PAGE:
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We joined up with Spring Hill Roots & Shoots, an NCCC Americorps team and the Buddhist environmental group Earth Sangha to help remove invasive species from the Marie Butler Reserve park. We also did other habitat restoration tasks such as mulching and terracing with logs to prevent erosion. Our main goals were to remove various species of plants and trees that were encroaching a tract of forest within the park and hindering the growth of native species. We accomplished this goal by dividing into three groups--one group weeded, one group mulched and another group was doing miscellaneous tasks such as sawing tree limbs, placing logs on the hillside to terrace, carrying tarps of invasive plant material. From this volunteer event we not only learned about native flora and the effects that invasive species have on it, but also how working as a team can greatly enhance the productivity and achievement of a project. We definitely had a place for everyone who showed up, there was a lot of work to do and more to be done. However, with cooperation and dedication great things can get done! We also were able to learn about the other groups involved and their missions, allowing for cultural interaction and awareness. By the end of the day, we could already see the changes our work had made in improving the landscape, opening up space for native species to grow and flourish as well as the sweat on all our brows!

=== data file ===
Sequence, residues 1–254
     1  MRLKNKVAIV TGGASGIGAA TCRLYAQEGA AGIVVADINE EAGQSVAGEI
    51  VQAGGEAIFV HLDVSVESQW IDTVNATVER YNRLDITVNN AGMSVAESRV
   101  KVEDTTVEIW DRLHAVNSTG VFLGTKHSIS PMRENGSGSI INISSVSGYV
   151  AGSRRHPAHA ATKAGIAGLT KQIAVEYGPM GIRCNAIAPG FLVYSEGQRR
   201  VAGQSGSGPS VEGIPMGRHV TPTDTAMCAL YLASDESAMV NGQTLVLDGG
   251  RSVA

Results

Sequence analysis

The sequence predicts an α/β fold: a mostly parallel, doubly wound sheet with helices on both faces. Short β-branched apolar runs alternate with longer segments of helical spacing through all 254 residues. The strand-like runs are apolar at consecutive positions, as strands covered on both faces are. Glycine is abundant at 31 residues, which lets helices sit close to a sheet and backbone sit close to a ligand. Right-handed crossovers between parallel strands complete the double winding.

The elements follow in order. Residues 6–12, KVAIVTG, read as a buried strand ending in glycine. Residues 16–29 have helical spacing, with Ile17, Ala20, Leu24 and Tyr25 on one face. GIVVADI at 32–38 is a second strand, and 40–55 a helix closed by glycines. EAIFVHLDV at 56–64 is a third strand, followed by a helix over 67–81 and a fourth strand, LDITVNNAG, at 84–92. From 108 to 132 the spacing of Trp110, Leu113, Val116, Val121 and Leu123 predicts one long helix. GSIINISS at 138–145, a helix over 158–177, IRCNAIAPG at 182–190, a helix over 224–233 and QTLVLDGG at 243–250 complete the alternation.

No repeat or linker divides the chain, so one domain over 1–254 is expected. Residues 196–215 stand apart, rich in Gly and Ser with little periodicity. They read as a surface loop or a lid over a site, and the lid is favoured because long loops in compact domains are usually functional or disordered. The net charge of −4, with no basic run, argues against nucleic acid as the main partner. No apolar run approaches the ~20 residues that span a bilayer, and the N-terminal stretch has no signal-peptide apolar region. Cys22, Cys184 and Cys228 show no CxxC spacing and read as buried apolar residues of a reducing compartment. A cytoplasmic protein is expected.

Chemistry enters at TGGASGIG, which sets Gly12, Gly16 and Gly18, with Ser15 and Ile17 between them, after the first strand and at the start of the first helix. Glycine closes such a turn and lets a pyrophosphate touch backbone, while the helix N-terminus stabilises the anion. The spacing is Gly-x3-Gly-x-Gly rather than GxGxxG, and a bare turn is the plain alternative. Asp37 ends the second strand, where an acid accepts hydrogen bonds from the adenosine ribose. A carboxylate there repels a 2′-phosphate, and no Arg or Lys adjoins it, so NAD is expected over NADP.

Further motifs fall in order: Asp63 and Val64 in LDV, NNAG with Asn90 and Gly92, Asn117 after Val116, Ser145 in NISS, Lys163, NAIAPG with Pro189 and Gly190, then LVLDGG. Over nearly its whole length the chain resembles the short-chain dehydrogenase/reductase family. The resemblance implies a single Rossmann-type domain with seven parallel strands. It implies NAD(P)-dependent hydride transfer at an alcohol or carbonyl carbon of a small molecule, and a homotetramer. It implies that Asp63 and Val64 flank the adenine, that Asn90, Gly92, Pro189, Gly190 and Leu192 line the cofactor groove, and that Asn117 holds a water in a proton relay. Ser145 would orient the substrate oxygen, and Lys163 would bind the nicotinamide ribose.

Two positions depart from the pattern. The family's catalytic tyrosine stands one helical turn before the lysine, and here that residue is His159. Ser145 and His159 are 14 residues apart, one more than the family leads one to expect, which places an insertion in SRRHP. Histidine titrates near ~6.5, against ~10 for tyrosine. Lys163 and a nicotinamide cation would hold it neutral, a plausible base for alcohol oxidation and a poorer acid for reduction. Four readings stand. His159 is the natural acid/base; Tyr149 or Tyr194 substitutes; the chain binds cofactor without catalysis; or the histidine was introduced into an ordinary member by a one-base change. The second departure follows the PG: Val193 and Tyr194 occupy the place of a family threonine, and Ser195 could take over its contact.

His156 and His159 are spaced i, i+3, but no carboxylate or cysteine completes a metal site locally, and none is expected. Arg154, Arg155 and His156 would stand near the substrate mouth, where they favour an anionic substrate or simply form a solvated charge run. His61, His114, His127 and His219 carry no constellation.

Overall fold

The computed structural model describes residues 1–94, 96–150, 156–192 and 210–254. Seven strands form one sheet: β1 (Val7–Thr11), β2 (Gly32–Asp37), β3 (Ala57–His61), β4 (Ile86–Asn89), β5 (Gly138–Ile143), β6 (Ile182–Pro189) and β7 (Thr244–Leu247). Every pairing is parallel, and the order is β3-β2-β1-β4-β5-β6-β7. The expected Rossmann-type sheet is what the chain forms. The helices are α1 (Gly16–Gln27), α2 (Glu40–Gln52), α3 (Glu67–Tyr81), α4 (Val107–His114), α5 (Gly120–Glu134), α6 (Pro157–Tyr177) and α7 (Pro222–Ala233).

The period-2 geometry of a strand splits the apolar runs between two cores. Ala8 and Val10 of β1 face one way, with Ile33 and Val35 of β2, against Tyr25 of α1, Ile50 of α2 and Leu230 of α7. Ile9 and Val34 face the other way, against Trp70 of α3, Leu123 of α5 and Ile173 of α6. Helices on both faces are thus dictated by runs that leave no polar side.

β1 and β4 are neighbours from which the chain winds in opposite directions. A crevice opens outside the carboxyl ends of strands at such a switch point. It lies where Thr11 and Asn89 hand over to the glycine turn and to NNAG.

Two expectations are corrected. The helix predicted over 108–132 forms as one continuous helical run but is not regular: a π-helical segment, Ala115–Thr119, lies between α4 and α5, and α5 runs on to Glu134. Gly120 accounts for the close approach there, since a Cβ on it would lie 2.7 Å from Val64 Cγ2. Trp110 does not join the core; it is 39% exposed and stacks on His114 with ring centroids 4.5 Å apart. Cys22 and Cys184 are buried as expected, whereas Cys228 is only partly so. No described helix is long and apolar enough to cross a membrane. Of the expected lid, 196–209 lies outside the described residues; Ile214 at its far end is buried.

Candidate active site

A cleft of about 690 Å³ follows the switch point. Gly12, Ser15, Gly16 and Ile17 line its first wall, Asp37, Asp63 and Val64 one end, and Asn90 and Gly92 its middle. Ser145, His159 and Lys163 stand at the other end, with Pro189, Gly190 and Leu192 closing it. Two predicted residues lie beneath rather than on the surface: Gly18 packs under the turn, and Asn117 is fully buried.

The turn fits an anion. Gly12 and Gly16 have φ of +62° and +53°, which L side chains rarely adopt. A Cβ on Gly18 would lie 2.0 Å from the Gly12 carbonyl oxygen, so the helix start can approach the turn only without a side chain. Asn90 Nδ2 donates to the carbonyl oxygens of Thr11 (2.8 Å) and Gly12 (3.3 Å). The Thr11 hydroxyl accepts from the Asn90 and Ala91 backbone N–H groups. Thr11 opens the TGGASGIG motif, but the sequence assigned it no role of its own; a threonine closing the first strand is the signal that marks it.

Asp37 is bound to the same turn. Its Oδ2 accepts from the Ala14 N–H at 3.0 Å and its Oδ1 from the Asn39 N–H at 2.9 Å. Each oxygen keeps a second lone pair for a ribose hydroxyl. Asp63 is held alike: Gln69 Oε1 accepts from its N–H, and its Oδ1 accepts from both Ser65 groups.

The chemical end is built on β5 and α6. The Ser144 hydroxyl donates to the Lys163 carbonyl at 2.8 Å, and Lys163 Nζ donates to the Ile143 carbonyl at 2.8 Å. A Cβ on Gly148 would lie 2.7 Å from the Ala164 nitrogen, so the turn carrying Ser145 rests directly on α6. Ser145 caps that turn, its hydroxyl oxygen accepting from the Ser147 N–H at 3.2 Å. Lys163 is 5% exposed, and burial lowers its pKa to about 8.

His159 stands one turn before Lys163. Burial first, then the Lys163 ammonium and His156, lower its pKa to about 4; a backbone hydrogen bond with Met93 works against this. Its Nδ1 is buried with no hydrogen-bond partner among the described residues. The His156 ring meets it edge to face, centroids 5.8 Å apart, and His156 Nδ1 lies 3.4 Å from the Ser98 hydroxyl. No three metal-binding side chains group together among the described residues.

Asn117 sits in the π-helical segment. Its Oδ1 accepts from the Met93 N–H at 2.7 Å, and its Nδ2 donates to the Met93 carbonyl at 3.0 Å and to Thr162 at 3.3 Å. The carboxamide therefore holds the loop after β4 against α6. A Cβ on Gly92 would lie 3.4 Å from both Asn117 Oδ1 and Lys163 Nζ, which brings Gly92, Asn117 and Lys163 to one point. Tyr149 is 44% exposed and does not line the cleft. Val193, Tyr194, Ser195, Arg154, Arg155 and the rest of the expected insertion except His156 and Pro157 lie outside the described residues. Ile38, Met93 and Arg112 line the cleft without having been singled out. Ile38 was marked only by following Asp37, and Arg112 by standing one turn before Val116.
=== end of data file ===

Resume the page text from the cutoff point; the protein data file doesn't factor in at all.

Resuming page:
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The Davie chapter visited a local Pizza Fusion restaurant and learned how we can save and impact our environment while enjoying great pizza. Our crew of eight members (and moms) learned the importance of organics in this unique pizza business which uses only recyclable products - from potato starch utensils to cornstarch cups. Even the pizza boxes are recycled or can be returned to the store for a credit. We learned so much about how we can continue to help our planet. The group will be completing a monthly newsletter for their fifth grade classes to help others become educated on this topic as well as assisting a newly formed environmental club at school with their recycling efforts.